Construction analysis: Sarah Schütte of Schutte Consulting Limited explores the differences between the JCT 2011 and NEC3 forms of contract, including contractual issues during the strategy and procurement phase and key aspects during the delivery phase.
In the UK, JCT and NEC battle for the title of ‘most popular form of building contract’. Popularity can be defined by different metrics—the volume of contracts and the value of work are the two most obvious ones. Clients often ask how to choose which to use and if there are circumstances in which one is preferable to the other. This article seeks to set out key practical matters for procurement and contract professionals in the construction industry, who are wrestling with these issues.
How has the ‘battle’ come about?
For many years, the JCT form has been the building contract of choice in the UK. It was first published in 1931. The latest version was published in 2011, now incorporating Amendment 1 (CDM, April 2015), known as JCT11. Many jurisdictions with similar legal systems publish standard building contracts based loosely on its principles (eg, USA, Canada, Australia and New Zealand). The NEC (1st Edition) form was published in 1993. It is flexible for use in any jurisdiction. The JCT claims preeminence due to its longevity, whereas NEC (now in the 3rd edition, known as NEC3, last revised April 2013) markets itself as the modern kid on the block.
What are the main features of the contracts?
JCT11 is a ‘traditional’ (or ‘master and servant’) style of contract, whereby money is paid in consideration for works and/or services rendered.
NEC3 is, philosophically at least, different from JCT11. NEC3 aims to create a partnering ethos through a careful choice of terminology, and a specific collaboration clause. However, it is not a true partnering contract (unlike, say, PPC2000, amended 2013)—it sets out rights, obligations and consequences like JCT11 does.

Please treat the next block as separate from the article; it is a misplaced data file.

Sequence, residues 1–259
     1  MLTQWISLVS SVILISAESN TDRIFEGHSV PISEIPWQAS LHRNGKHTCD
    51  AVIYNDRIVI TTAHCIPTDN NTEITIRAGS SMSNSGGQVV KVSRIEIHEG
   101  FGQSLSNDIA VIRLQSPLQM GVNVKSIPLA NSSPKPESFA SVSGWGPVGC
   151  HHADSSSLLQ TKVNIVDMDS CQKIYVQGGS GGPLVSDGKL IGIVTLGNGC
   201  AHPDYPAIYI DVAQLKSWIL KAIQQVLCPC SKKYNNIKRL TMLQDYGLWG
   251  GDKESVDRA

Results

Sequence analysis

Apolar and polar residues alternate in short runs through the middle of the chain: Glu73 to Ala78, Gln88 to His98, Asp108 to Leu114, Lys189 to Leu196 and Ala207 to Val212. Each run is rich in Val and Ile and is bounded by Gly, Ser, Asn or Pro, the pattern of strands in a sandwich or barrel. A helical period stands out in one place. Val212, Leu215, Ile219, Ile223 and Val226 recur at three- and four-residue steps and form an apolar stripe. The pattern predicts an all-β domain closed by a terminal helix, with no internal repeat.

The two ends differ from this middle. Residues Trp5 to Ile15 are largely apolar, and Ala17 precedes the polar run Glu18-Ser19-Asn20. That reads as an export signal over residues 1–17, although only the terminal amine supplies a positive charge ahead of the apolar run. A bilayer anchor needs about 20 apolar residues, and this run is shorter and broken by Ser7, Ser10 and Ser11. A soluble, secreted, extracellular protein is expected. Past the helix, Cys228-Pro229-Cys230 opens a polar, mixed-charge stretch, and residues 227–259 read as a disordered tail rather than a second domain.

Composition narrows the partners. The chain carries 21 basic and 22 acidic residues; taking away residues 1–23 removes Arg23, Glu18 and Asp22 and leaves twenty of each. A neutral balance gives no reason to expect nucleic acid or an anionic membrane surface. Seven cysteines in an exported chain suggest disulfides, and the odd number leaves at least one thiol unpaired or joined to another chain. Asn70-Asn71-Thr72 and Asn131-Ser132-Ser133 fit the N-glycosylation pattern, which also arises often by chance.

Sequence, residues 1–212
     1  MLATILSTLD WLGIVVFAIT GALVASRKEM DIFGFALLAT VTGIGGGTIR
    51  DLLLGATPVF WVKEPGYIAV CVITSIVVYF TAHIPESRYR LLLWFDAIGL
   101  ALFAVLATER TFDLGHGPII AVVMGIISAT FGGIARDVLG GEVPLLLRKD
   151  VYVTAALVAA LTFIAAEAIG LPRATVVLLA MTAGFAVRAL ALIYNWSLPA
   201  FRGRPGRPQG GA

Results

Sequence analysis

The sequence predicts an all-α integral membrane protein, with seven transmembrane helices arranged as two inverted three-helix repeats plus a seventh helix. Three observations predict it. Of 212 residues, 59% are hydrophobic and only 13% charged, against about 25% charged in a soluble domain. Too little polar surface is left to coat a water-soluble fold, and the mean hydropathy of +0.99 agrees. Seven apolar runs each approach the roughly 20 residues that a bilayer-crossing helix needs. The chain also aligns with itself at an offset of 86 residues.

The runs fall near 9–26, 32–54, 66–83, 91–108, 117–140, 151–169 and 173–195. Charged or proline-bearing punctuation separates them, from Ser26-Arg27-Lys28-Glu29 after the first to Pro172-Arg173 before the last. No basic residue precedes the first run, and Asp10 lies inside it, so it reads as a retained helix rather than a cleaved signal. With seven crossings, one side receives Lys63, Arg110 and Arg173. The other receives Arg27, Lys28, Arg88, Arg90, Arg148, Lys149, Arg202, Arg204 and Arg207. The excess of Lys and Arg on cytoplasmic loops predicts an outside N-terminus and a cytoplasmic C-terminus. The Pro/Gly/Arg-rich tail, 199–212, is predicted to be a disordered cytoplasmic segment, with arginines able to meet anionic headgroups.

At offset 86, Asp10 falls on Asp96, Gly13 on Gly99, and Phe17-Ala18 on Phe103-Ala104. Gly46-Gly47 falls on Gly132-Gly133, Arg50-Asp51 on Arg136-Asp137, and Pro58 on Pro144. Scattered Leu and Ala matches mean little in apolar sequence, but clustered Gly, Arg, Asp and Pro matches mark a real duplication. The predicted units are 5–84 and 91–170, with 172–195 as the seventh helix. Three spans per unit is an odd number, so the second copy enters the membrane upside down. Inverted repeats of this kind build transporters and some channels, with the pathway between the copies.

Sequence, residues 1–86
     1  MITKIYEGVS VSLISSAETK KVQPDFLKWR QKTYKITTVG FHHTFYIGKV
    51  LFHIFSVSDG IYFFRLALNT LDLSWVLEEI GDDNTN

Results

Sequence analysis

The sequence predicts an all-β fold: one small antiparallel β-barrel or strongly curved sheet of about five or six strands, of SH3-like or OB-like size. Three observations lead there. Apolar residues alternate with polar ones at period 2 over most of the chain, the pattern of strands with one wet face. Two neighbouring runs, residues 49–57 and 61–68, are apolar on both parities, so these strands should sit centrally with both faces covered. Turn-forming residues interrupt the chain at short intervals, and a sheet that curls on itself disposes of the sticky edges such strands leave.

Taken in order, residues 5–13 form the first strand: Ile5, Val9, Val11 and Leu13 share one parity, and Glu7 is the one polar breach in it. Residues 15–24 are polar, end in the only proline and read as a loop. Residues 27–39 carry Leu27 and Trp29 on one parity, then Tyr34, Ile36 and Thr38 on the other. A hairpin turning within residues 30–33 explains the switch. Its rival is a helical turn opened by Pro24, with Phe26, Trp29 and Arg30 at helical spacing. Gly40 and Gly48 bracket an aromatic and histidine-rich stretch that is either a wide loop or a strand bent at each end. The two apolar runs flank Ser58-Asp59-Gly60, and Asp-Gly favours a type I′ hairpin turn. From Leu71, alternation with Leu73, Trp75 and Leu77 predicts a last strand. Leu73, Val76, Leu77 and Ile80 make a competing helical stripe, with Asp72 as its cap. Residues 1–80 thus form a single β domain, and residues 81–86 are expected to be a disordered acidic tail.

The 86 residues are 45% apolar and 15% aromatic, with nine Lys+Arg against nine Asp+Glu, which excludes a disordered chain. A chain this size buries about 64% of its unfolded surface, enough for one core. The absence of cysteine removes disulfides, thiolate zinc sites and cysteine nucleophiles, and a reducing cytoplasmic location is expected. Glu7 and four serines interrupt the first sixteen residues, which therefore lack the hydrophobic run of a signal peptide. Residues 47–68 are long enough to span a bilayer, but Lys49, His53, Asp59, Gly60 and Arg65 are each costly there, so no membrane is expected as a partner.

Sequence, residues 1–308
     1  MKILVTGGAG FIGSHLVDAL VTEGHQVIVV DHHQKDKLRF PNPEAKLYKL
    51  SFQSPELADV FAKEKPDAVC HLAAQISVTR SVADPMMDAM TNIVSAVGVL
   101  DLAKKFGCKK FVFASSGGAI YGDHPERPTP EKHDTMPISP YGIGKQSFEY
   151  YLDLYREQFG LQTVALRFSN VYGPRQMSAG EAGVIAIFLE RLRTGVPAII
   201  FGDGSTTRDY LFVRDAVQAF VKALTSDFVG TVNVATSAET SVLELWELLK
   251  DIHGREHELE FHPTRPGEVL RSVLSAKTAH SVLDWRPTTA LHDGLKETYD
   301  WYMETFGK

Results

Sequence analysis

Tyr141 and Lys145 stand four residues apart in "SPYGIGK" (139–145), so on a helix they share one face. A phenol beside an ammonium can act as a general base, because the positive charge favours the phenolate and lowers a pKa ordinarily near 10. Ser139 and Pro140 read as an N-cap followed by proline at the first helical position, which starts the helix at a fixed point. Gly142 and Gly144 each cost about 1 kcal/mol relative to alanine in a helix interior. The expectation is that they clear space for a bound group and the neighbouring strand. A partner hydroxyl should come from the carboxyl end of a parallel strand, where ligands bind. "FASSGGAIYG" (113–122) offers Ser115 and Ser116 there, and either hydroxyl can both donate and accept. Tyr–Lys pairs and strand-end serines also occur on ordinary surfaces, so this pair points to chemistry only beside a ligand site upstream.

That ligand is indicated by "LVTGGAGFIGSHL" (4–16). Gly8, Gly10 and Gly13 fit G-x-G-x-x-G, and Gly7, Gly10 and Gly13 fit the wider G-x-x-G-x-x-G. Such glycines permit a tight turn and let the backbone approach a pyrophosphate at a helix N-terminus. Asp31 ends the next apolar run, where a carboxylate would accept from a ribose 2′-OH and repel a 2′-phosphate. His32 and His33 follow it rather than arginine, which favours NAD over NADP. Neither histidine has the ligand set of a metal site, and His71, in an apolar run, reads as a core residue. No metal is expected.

With whom, and for what purpose, are the contracts popular?
Surveys repeatedly confirm that JCT11 remains the most popular form of contract by volume. It is the contract of choice for the private sector by a long way. People are used to it and the industry’s set up complements its use.
By contrast, NEC3 is all but mandated for public sector projects (following the Cabinet Office’s endorsement in 2008), but is rarely used in the private sector. Given that around 45% of the industry’s annual spend comes from the public sector purse, and given that the nature of public projects tends to be social benefit infrastructure, the volume is significantly smaller but the value is several zeros bigger. The challenge for NEC3 is achieving value to the taxpayer, as the industry and its client base are still relatively inexperienced in using it.
How might industry professionals tackle reading the contracts?
JCT11 is very dry, dense and contains many crossreferences. It is structured and worded in a precise way, perhaps too precisely, trying to cater for every eventuality. By contrast, NEC3 is in different parts, concentrates on key principles and behaviours, and feels more userfriendly.
Focussing on the strategy and procurement phase, what contractual issues of practical significance should industry professionals be aware of as between JCT11 and NEC3?
My top five tips for procurement managers are:
1. Beware of additional clauses
Watch out for additional clauses (Z clauses in NEC3 and Schedules of Amendments in JCT11). There is a place for carefully thoughtthrough project or industryspecific additional clauses, but they are often ‘dumped’ in without being properly considered, which can create interpretation problems, import risk and upset the balance of the standard contracting position. Ask if the clause is really needed, and if the other party says it is, ask why. They may not be sure when pressed.
2. Take time to plan
Take the time to invest in planning the project properly. Contracts are often hurriedly negotiated, and this leads to problems from the off. Early contractor involvement may be useful if design development is in its infancy (NEC3 produces an ECI Option, JCT offers a ‘PreConstruction Services Agreement’).
3. Measure progress
Think about how you want to measure project progress and maintain an accurate account:
• if using NEC3, choose your project manager (PM) carefully, as the contract depends on solid project management. There are many ‘good’ PMs, who have some NEC3 experience, but not many ‘great’ ones who do. The ability of the PM to swiftly resolve early warnings, for example, can in my experience be linked directly to
the perceived success of the project, and the maintenance of relationships. For more on this see my earlier analysis: Industry Insight—making project managers ‘great’